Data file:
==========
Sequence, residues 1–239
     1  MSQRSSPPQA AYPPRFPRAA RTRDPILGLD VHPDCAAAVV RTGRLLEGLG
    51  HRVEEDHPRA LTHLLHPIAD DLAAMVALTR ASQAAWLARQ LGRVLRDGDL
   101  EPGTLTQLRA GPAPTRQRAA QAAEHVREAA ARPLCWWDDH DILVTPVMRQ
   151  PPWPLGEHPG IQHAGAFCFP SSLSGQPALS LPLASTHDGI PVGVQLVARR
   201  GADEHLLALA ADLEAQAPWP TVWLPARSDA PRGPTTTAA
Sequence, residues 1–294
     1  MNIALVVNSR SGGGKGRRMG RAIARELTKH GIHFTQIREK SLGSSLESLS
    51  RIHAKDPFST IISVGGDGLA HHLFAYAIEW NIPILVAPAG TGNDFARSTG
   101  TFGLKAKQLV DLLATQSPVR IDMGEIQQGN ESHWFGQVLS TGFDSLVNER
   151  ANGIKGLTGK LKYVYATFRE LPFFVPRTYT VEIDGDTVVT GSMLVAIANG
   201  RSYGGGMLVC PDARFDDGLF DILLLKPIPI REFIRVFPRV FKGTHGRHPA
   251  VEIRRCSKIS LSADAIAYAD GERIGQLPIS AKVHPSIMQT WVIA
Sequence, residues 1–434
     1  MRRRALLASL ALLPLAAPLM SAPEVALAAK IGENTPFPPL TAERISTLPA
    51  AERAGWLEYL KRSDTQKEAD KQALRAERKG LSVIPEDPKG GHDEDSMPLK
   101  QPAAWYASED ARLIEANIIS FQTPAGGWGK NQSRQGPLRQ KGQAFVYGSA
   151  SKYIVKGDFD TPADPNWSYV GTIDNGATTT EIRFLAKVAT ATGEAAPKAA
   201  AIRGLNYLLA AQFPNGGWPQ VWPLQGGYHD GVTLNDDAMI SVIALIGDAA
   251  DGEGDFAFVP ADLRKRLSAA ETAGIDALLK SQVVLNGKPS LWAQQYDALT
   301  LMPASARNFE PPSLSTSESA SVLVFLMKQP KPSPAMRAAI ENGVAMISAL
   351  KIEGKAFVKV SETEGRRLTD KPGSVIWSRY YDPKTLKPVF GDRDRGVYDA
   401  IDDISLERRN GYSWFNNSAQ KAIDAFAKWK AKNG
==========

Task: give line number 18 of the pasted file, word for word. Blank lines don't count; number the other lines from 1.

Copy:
   151  SKYIVKGDFD TPADPNWSYV GTIDNGATTT EIRFLAKVAT ATGEAAPKAA